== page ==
Choker is closely-fitting neck wear that is worn on the higher part of the neck. It is broad in shape and is supposed to worn in such a way that it does not reach the ‘collar bone’ in any way. Chik or a gold choker is almost an inch wide and studded with diamonds, pearls or precious stones.



Traditional gold bracelets in Bengal are called ‘Chur’ and have elegant designs carved on them. Although they are available in pairs you can buy one piece to create your own style statement. Hefty amount of gold is required to make ‘chur’ and the weight can reach up to a staggering 50gm.



Bengali Muslim women prefer to wear silver more than gold although they have no inhibitions for gold jewellery metal. ‘Hunsuli’ is a popular sliver necklace that Bengali Muslim women wear. Fine and delicate craftsmanship is displayed through this necklace.



Also called ‘chandelier’ earrings in English, Jhumko or Jhumka is a chandelier earring with floral motif designs. It is hugely popular among the Bengali women. Jhumkas are mainly designed with a round chhatri (umbrella shape) in its bottom, but now a days these chhatri designs are replaced by different shapes like, triangles, squares etc.


‘Kaan’ is Bengali word for ears. This gold jewellery is shaped as the human ear is supposed to cover the entire ear when worn. Bengali brides flaunt this ornament during marriage ceremonies. A huge amount of this precious metal is used for making this ‘kaan’ which comes up to a minimum of 15gm for each ear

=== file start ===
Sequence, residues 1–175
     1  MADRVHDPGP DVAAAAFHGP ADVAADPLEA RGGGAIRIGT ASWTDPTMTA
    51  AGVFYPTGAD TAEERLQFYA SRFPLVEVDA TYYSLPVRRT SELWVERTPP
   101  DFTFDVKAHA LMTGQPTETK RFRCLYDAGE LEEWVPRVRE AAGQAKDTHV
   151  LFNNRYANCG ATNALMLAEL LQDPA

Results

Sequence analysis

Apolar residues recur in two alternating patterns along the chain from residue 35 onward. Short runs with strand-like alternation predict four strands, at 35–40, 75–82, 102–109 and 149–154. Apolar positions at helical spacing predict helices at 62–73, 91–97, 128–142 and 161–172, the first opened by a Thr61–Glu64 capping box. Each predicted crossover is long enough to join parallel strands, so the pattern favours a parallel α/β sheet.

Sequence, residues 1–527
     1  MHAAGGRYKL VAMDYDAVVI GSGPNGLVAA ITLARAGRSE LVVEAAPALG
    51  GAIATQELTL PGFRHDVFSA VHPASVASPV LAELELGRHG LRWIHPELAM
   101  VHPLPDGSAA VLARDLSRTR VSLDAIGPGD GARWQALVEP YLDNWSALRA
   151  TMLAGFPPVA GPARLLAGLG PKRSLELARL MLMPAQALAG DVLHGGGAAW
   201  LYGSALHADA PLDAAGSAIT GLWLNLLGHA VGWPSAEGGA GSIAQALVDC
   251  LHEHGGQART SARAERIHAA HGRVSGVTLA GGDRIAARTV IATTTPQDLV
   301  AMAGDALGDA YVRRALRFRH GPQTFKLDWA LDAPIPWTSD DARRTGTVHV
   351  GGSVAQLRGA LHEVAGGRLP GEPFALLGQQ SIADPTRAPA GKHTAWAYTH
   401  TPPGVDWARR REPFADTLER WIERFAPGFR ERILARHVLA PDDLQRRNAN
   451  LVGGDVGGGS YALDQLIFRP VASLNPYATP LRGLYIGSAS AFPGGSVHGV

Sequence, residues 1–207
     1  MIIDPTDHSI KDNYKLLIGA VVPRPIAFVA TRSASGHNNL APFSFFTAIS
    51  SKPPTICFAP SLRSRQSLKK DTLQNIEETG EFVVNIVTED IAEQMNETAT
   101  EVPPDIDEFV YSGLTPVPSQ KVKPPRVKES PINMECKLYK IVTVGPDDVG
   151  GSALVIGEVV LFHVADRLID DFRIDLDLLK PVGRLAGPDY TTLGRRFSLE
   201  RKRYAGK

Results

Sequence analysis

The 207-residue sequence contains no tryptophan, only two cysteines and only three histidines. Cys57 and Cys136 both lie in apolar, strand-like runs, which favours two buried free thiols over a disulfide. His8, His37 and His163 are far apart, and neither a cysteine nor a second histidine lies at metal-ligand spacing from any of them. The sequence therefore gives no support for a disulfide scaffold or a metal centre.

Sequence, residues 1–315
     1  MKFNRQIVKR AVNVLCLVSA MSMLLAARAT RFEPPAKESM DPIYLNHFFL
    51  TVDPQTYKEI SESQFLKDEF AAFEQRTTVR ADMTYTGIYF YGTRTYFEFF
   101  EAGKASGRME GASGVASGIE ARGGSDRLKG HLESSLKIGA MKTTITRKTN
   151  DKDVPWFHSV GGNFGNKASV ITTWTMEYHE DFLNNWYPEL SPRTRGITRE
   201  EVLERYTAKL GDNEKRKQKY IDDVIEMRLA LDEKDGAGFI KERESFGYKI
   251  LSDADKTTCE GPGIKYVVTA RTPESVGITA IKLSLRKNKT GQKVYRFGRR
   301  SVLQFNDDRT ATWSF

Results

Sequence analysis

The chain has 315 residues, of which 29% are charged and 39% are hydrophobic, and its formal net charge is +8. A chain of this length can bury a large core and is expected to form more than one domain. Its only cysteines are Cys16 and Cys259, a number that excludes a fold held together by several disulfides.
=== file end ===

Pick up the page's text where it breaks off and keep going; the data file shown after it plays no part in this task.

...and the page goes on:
These are traditional gold nose rings that are worn after having the nose pierced. The ‘Nath’ is traditionally a large-sized nose ring in the Bengali culture and it is said that the larger the size of the ring is, the more affluent the family is. This is the reason for families encouraging the use of the large-sized nose rings during festivities and other important occasions.

Paati Haar

Paati haar is a very old and traditional design of Bengali ethnic jewellery. It is very commonly worn neck piece among Bengali ladies from rich families. Earlier, married women had to wear heavy gold jewellery to maintain their status. But those gold jewellery designs were mainly made up of golden wires and were very complex in design, thus it was very difficult to wear them all the time. So, jewellery designers came up with a solution where they made a flat, broad neck-piece that was mainly made up of comfortable gold joints with heavy amount of gold in it, so that the ladies from rich families can maintain their fashion and status with comfort. This broad heavy gold necklaces came to be known as Paati haar.